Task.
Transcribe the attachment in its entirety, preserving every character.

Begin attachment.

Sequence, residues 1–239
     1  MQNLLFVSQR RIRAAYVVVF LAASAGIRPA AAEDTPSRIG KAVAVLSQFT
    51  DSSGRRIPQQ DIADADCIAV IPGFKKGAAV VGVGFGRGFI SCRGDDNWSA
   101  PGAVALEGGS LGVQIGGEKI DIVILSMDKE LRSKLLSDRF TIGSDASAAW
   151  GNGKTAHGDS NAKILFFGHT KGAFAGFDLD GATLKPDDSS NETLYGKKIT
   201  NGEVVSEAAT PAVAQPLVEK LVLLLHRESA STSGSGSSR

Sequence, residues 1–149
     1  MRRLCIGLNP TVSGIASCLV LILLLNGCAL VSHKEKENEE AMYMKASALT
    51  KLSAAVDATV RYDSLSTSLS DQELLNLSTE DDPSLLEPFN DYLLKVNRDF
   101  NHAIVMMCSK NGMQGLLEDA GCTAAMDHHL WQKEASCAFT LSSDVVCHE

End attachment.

Sequence, residues 1–239
     1  MQNLLFVSQR RIRAAYVVVF LAASAGIRPA AAEDTPSRIG KAVAVLSQFT
    51  DSSGRRIPQQ DIADADCIAV IPGFKKGAAV VGVGFGRGFI SCRGDDNWSA
   101  PGAVALEGGS LGVQIGGEKI DIVILSMDKE LRSKLLSDRF TIGSDASAAW
   151  GNGKTAHGDS NAKILFFGHT KGAFAGFDLD GATLKPDDSS NETLYGKKIT
   201  NGEVVSEAAT PAVAQPLVEK LVLLLHRESA STSGSGSSR

Sequence, residues 1–149
     1  MRRLCIGLNP TVSGIASCLV LILLLNGCAL VSHKEKENEE AMYMKASALT
    51  KLSAAVDATV RYDSLSTSLS DQELLNLSTE DDPSLLEPFN DYLLKVNRDF
   101  NHAIVMMCSK NGMQGLLEDA GCTAAMDHHL WQKEASCAFT LSSDVVCHE